Unlike normal endometrial cells found in the lining of the uterus, these errant endometriotic growths do not get expelled from your body each month as a period. Instead, they implant and begin reacting to the monthly hormones that trigger menstruation, causing them to bleed and shed and grow, month after month and year after year if left untreated. Although these endometriotic growths are benign (not cancer), it appears that the body still recognizes that they shouldn’t be growing outside of the uterus, and therefore usually launches an inflammatory response in order to try to destroy them. As a result, the affected areas become extremely inflamed and therefore potentially extremely painful. This chronic pro-inflammatory environment eventually leads to elevated cytokine-prostaglandin levels which contribute to the chronic pain. Blood and pus-filled endometriotic cysts may also form, which can become twisted (called torsion) and/or burst open and cause still more pain, bleeding, infection, and another cascade of acute inflammatory responses. Endometriosis can also grow directly onto nerves, which can cause excruciating pain, similar to the way that the nerve-invading disorder shingles does.

As mentioned, it also appears that endometriotic growths can generate their own supply of blood vessels and nerves, which increases the number of pain receptors and therefore contributes to heightened pain responses. Eventually, scar tissue and other symptoms of endometriosis develop. In fact, scar tissue itself can cause severe pain. For example, in cases when endometriosis has invaded the ureters, scar tissue can cause these organs to close up (constrict), which can lead to severe kidney infections and an inability to completely void when urinating. Bowel endometriosis, on the other hand, can cause severe bowel obstructions and/or tiny perforations (holes), allowing the contents of the bowel to leak out into the pelvic cavity, which can cause an extremely painful, life-threatening medical emergency. In severe cases endometriosis can even completely destroy organs. For example, while most know that endometriosis can totally destroy the ovaries, in rare cases some women have even lost a kidney due to this confounding disorder.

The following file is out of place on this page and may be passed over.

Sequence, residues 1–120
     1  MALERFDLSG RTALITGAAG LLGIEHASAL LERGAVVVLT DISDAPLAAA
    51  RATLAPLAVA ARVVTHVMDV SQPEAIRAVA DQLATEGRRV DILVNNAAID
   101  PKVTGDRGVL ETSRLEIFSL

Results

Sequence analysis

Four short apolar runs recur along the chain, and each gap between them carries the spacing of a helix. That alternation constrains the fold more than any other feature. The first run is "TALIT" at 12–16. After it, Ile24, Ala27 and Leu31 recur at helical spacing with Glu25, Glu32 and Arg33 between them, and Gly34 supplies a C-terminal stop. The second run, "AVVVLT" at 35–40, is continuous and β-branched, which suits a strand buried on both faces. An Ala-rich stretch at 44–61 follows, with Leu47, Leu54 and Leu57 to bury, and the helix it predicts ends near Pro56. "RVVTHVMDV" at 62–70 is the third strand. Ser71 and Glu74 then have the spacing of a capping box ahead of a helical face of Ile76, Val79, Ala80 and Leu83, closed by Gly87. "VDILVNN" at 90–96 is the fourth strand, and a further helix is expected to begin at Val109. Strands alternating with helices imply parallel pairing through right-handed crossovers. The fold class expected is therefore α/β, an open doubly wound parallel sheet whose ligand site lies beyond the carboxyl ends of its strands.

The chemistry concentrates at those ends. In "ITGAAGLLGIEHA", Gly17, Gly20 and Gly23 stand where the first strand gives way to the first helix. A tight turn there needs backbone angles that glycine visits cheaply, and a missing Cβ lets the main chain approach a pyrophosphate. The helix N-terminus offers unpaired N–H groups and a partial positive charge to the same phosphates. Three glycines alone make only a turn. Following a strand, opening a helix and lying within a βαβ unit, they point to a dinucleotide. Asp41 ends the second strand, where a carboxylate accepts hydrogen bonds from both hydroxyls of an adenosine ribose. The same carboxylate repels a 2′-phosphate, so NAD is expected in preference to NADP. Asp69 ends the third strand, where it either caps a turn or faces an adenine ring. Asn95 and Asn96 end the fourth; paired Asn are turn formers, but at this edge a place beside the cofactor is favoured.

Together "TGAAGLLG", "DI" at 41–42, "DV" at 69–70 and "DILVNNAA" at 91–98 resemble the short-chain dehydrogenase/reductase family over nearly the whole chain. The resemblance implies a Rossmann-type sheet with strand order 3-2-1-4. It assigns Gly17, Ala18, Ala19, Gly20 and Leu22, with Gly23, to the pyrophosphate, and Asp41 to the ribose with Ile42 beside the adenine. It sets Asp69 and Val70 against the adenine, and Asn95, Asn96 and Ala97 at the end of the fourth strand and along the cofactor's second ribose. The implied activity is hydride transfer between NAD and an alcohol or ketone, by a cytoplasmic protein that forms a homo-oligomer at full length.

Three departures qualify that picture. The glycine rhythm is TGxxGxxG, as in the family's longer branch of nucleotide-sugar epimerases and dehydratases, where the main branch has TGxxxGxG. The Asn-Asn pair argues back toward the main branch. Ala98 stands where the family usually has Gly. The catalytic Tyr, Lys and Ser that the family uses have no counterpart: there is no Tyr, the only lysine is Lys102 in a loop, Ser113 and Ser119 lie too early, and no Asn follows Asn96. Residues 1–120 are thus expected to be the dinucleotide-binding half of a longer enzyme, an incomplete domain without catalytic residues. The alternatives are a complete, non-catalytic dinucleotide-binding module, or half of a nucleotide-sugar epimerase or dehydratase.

There is no cure for endometriosis but a combination of medical and surgical treatment can significant improve the symptoms. Surgical treatment helps to remove all the visible disease while the medical treatment can help to reduce the recurrence and keep the symptoms away.

Some have claimed that endometriosis can be cured by a thorough excision surgery or by pregnancy or hysterectomy or medicines or life style changes. As much as we wish there were a cure, unfortunately, these claims are absolutely untrue. Surgery does not cure endometriosis; lasers do not cure endometiosis; pregnancy does not cure endometriosis; hysterectomy does not cure endometriosis; menopause does not cure endometriosis; birth control pills do not cure endometriosis; dietary changes do not cure endometriosis. There is no cure for endometriosis. The myth that excision surgery by an excision expert can cure endometriosis has persisted because some women do indeed experience a remission of symptoms after one particular surgery, or after a few surgeries that didn’t appear to help, followed by one last surgery, which did. At first glance, this would make it seem as if endometriosis is curable if only one could just get the right surgery. However, there are other women who have a more recalcitrant form of endometriosis, as well as other factors, who, despite having the exact same surgery by the exact same surgeon still experience recurrent endometriosis.